However, as we first ventured into the world of online learning, it was heartwarming to hear students share how much time they were getting to spend with their families. It was about the same time I realized how fortunate I was to be able to be working from home with my son and wife by my side.
Throughout the days as I navigated Google Classroom, I was also able to squeeze in some laughs and smiles with D.J., as we call him. My wife has also been able to work from home periodically, so it’s been even more of a treat having three family meals a day.
Maybe the silver lining of this whole thing is the family and personal time many have been able to soak in. Maybe all this is a reminder of the importance of taking care of ourselves and spending time with our loved ones.
While there’s no denying the negatives around the world, think about the positive memories you’ve been able to create. Whether you live on your own with pets or with a spouse and children, you’re definitely going to be able to look back on this strange and historic time and smile about something — even if it was a friend leaving a few rolls of toilet paper on your porch.
We’ll all be able to look back at all the good that has come out of this, such as all the much-deserved appreciation for the medical professionals fighting this battle on the front lines. It’s similar to the gratitude first responders received after the Sept. 11 attacks. It shouldn’t, however, take a tragedy for those heroes to get our praise.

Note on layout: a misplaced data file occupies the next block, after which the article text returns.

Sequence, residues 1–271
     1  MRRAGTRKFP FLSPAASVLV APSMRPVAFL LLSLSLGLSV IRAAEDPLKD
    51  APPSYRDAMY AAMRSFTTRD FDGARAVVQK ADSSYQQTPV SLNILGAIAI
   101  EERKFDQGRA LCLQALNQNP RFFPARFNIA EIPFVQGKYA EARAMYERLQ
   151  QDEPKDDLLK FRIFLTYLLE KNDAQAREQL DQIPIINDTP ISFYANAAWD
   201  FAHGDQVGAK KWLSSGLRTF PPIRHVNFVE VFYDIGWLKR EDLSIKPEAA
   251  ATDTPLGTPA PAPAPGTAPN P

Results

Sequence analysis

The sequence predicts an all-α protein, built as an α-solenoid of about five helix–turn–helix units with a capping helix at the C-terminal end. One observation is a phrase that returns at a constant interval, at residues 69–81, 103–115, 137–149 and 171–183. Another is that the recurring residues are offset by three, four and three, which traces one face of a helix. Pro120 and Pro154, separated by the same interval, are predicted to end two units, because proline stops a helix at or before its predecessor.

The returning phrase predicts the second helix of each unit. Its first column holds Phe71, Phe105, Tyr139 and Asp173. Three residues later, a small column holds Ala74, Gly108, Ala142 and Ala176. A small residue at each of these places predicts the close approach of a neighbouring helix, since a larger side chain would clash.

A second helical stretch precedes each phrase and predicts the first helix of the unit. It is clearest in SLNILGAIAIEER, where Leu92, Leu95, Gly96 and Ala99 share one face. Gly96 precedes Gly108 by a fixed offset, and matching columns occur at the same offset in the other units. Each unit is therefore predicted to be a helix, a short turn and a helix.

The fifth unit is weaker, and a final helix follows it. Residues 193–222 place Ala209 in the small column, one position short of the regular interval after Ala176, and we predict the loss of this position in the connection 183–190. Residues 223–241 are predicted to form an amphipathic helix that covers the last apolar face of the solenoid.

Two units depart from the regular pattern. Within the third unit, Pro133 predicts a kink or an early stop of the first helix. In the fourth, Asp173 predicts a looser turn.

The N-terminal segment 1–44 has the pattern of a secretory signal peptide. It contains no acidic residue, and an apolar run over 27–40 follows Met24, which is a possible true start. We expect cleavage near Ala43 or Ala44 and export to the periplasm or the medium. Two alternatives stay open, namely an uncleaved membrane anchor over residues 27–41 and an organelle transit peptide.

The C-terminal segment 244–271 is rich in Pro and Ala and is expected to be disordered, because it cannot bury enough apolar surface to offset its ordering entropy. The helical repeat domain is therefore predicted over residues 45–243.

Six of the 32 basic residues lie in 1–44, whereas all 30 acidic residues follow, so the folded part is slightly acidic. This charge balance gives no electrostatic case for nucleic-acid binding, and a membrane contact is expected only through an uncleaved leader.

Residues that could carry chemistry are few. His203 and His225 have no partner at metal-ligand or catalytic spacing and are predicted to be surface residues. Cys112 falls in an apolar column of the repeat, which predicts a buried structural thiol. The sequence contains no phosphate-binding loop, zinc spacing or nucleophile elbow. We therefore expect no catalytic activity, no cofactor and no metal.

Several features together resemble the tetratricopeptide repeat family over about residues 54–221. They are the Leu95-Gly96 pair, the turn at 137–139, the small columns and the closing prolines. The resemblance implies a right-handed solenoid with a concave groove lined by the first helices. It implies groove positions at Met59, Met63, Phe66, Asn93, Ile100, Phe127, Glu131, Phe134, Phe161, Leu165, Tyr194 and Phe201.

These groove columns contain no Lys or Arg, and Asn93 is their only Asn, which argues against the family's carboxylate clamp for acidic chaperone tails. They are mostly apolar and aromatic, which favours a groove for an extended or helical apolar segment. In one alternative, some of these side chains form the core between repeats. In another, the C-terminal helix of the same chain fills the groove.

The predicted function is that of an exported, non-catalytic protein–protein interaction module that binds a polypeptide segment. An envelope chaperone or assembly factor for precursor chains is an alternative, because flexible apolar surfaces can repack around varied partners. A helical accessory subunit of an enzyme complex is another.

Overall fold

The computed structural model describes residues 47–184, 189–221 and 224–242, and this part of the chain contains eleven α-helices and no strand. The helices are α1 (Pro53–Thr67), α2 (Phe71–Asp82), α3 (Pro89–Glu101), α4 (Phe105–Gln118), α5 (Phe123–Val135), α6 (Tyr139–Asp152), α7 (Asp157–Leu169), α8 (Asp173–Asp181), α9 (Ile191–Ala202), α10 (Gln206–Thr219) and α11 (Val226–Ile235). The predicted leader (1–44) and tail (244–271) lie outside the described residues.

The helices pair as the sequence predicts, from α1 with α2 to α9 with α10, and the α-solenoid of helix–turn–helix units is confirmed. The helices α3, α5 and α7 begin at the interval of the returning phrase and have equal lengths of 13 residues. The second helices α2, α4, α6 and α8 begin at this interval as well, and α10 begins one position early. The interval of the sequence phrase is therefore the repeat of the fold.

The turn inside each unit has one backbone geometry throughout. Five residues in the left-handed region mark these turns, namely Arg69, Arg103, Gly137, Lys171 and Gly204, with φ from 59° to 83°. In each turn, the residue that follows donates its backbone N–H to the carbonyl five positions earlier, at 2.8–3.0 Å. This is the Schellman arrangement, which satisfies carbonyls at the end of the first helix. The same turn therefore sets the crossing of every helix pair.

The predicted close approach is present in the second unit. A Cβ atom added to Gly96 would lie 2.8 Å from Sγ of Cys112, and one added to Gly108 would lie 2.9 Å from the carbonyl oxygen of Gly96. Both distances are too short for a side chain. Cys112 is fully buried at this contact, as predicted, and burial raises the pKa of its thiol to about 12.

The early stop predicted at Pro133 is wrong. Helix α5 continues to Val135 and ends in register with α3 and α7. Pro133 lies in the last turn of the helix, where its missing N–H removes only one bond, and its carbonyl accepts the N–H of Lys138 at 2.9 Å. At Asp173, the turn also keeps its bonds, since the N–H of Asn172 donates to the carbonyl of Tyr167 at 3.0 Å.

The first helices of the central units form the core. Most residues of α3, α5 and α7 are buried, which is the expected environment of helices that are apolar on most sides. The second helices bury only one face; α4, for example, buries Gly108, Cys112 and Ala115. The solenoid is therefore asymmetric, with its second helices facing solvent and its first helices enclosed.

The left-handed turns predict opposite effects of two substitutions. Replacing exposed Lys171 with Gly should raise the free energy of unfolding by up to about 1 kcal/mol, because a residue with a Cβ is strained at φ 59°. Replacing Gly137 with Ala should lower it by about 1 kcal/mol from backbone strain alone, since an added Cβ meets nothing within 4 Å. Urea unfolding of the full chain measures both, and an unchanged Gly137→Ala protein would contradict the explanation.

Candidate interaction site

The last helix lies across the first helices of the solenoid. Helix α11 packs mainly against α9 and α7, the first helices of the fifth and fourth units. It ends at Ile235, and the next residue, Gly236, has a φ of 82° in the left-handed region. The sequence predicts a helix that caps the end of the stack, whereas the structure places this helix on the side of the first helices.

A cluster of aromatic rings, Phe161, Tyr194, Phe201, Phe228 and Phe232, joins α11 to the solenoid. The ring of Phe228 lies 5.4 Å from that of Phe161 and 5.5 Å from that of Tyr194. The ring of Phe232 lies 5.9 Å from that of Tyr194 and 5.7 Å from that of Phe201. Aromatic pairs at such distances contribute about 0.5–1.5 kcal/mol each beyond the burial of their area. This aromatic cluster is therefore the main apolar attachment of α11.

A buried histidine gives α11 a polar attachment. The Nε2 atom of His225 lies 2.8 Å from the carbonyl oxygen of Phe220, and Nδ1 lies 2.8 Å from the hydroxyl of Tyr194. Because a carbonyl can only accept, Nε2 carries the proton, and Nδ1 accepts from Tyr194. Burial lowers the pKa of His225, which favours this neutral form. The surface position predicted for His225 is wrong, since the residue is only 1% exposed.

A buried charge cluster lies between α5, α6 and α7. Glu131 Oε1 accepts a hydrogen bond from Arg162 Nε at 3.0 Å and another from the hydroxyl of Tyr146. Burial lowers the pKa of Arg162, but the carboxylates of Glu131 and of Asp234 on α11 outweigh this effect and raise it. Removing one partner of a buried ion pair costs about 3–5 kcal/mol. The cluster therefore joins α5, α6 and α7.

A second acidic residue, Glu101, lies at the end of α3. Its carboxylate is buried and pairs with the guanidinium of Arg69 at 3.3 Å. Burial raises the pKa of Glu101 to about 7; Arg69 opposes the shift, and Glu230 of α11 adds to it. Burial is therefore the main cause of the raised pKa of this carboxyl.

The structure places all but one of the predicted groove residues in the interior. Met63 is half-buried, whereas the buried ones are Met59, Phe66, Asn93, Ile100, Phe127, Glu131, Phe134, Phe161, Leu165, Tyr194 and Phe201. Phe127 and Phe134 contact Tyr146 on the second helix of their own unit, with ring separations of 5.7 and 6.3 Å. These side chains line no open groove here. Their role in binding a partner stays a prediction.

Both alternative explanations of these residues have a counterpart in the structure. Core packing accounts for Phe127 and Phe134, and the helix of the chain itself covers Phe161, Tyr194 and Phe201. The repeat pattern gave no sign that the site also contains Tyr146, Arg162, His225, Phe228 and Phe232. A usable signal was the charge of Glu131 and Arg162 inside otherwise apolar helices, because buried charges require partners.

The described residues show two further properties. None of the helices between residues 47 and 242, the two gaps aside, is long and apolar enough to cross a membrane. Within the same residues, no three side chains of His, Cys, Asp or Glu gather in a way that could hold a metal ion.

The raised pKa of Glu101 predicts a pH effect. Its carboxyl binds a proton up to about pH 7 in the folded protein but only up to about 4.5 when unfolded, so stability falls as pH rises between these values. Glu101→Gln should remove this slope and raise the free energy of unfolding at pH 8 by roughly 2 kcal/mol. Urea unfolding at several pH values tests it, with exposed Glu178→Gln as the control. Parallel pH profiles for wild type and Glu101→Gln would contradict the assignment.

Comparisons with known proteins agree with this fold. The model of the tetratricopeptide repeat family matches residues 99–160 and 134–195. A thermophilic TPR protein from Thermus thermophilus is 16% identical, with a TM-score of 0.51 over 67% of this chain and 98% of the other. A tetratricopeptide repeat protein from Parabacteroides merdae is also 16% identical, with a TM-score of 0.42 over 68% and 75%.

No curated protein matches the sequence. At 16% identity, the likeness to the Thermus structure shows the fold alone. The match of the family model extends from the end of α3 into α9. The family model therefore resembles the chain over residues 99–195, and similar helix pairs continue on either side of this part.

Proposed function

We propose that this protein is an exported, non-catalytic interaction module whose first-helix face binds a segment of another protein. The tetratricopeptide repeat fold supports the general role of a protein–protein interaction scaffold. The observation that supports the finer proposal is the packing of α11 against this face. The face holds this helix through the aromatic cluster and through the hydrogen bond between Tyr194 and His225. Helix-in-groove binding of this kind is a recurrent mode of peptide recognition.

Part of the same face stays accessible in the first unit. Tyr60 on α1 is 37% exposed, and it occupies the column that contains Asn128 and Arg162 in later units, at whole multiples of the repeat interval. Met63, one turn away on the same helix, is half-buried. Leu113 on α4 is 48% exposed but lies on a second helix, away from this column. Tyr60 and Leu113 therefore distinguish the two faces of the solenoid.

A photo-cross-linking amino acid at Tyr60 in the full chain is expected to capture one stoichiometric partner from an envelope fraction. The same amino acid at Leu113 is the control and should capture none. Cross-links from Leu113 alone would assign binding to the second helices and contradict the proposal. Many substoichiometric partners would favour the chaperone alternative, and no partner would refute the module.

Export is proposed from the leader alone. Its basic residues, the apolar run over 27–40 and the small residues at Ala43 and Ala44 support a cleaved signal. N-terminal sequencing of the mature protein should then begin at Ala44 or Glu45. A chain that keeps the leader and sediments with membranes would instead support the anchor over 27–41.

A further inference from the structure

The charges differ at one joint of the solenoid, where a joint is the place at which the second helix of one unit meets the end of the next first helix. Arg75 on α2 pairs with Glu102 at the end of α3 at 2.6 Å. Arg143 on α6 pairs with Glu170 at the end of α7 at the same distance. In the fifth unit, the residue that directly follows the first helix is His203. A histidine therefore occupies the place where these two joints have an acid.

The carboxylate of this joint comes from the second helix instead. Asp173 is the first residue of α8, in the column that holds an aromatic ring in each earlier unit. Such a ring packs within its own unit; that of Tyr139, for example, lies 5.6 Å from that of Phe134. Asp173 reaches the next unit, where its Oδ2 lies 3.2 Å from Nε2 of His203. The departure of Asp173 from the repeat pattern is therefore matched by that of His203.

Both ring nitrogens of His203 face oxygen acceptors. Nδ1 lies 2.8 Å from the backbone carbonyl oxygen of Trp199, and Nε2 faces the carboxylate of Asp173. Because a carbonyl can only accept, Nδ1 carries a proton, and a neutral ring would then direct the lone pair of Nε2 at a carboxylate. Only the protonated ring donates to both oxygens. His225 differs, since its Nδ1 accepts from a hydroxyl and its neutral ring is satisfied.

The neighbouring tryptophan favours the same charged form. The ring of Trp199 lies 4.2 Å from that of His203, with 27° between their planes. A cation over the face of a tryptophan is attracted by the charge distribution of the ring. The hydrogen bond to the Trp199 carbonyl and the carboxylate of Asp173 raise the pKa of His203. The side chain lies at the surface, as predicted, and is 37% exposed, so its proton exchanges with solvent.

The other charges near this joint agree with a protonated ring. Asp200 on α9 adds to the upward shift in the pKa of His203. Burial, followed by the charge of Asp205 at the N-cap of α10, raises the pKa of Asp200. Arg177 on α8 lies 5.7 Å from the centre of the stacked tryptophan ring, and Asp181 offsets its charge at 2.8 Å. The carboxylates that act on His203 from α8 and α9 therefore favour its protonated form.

Seniors will also be able to look back on the final quarter of high school and remember how unique things were. Flowing Wells High School is having a graduation parade spread out over two nights this week. How in the world could anyone forget that?
One more silver lining that we can pull out of this is the way students and teachers across the country so quickly adapted to the change and transitioned to online learning with ease. We now know so much more than we did before, and we understand the possibilities that exist with the technology present.
As for sports, wasn’t it a silver lining to rewatch and relive the Arizona Wildcats’ NCAA national championship win in 1997 instead of sweating out a likely loss in the first or second round a couple months ago?
For me, I’ll always look back on this time and remember all the extra time my wife and I were able to spend with our little guy – precious time with him we would have missed out on in a normal world. Hopefully everyone else with children big and small can view it the same way and appreciate really how special this time has been.
We’ll bounce back together, and the economy will recover once we get through this challenging time. It might be hard to see that in the moment, but finding that silver lining can help.
I hope you can find your silver lining, regardless of everything going on around you today.
Daniel Gaona is a Tucson native, former Star sports reporter and now teacher at Flowing Wells High School.